132 New Zealand ratings went missing as a result of the loss of H.M.S. Neptune. HMS Neptune was launched at Portsmouth on 31 January 1933. She was one of five 'Leander' class light cruisers completed between 1933 and 1935. Two others were HMS Achilles and Leander serving in the RNZN. They displaced 7,200 tons, could make 32 knots and carried eight 6 inch guns and 550 crew. The Neptune was in the Mediterranean from 1 December 1941 as part of Force K which was searching for Axis shipping, especially those taking supplies to Rommel in North Africa. Early on the 19th the ships of Force K ran into a minefield.The Neptune hit three or four mines and sank with only one survivor. At the same time the Aurora was badly damaged and Penelope slightly.Trying to reach Neptune to assist, the destroyer Kandahar was mined and had to be scuttled the following day. On the same day in Alexandria harbour the Queen Elizabeth with Admiral Cunningham on board and the Valiant were both badly damaged and sank.The Mediterranean Fleet battle squadron ceased to exist. Of the total crew of 766 there was only one survivor.He was rescued off a raft five days later by an Italian destroyer and spent the rest of the war in a prisoner of war camp. AWMM
    • The sinking of the Neptune.

      HMS Neptune, a Leander Class Cruiser, had seen service in the South Atlantic during 1939 and the Mediterranean and East Indies in 1940. Early in 1941, New Zealand agreed to partly man Neptune and 150 New Zealanders joined her in May of that year. The intention was for Neptune to sail for the New Zealand station and stand in for HMS Leander, which was to stay on overseas service.

      HMS Neptune under the Command of Captain Rory O’Conor sailed from Malta at high speed on the evening of 18 December 1941, in the company of six destroyers, to seek out the Italian Battleship force, which had been sighted by aerial reconnaissance about half - way between Malta and Benghazi.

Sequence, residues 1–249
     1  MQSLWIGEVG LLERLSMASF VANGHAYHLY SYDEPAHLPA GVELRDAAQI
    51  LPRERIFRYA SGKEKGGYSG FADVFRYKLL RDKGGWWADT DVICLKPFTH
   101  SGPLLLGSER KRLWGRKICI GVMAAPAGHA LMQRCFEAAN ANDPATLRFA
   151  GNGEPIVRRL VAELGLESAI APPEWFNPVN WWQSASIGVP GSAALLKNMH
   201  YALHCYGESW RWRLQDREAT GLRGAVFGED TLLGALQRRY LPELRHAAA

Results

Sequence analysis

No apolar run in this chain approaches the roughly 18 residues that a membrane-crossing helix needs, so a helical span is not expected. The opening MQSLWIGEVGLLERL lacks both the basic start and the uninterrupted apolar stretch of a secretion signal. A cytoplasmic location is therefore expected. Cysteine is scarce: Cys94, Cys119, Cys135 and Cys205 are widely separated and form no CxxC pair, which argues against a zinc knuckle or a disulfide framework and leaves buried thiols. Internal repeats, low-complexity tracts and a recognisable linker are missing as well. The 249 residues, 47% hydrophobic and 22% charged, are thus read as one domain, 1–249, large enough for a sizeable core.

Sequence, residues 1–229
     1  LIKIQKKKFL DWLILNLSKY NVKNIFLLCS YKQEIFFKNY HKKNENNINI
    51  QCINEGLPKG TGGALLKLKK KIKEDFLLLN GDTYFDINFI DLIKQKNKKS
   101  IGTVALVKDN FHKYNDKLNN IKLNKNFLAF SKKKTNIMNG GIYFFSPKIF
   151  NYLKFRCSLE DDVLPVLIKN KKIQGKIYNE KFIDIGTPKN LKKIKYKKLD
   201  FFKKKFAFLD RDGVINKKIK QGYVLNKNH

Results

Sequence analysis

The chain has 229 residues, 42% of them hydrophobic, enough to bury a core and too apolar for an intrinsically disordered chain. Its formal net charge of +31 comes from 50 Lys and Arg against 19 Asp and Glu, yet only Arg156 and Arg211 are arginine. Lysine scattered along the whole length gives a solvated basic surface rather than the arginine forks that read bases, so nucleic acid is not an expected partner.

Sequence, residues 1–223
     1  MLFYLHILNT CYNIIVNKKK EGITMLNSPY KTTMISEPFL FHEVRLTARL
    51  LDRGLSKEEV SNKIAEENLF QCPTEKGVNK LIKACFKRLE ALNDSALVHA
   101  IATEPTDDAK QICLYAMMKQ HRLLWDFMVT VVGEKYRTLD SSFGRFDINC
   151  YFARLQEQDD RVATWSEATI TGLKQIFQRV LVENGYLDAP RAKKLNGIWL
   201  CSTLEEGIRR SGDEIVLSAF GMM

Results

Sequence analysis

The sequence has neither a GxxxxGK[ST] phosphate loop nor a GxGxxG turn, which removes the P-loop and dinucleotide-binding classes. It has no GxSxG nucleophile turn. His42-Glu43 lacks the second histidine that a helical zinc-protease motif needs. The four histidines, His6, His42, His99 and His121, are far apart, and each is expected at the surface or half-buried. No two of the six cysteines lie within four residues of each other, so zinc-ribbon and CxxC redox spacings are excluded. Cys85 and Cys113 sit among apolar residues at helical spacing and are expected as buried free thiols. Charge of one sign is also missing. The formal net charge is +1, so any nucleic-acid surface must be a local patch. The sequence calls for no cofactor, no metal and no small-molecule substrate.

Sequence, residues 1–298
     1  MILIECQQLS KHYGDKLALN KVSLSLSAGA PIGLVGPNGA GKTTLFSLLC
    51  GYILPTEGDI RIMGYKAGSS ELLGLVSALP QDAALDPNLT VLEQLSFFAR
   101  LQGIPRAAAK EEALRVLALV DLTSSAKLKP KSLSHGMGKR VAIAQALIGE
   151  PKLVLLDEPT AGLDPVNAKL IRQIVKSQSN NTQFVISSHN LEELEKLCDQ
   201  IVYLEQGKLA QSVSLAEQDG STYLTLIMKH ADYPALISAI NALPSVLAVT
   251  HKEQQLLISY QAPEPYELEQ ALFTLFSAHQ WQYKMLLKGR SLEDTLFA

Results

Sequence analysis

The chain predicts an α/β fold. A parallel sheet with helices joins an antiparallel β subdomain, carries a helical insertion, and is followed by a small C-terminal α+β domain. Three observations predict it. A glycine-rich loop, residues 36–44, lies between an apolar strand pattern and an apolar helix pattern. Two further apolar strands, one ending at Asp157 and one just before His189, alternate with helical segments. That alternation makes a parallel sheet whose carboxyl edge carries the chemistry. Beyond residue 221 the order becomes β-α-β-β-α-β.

In the early morning of 19 December 1941 the force was about twenty miles from Tripoli when Neptune, which was leading, struck the first mine. Going full astern she hit another mine wrecking her propellers and steering gear, bringing the ship to a standstill. A minute or so later she exploded a third mine and took a heavy list to port. At about 0400, the Neptune set off a fourth mine, then quickly rolled over and sank. The order was given to abandon ship. A heavy sea was running and the men had to go overboard, death came quickly to many of her company, many perished as they tried to swim to safety.

      Only sixteen men of the ship’s company survived the sinking and were left afloat on a raft when daylight came. All but one of the survivors succumbed to thirst and exhaustion during the next six days. The sole survivor, Leading Seaman Norman Walton of the Royal Navy, was rescued by an Italian ship and was interned as a prisoner of war

      Neptune was deployed into the eastern Mediterranean for operations between Malta and Egypt and off the North African coast in July 1941. The 764 men including the 150 New Zealanders died when she sank in the early hours of 19th December 1941.

      The names of two officers and 148 ratings furnished, by far, the longest list of casualties in the war record of the Royal New Zealand Navy. Public - Lorraine M - Researcher - 29 August 2015 - http://www.nzwargraves.org.nz/casualties/arthur-john-darcy-heeney
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Death

About death

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  • Death
    19 December 1941 AWMM
    Age 25 AWMM
    Mediterranean AWMM
  • Date of death
  • Age at death
  • Place of death
  • Cause of death
  • Death notes
  • Cemetery
  • Cemetery name
  • Grave reference
  • Obituary
  • Memorial name
  • Memorial reference

Memorials

Memorial

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  • Memorial name
    • New Zealand Naval Memorial, Devonport Naval Base, HMNZS Philomel, Devonport, Auckland, New Zealand AWMM
    • Auckland War Memorial Museum, World War 2 Hall of Memories AWMM

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Sources

Sources

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  • External links
  • Documents

Contributors

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Command item
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DateNameLocationRelationshipContact
29 August 2015Lorraine MGisborne, NZResearcher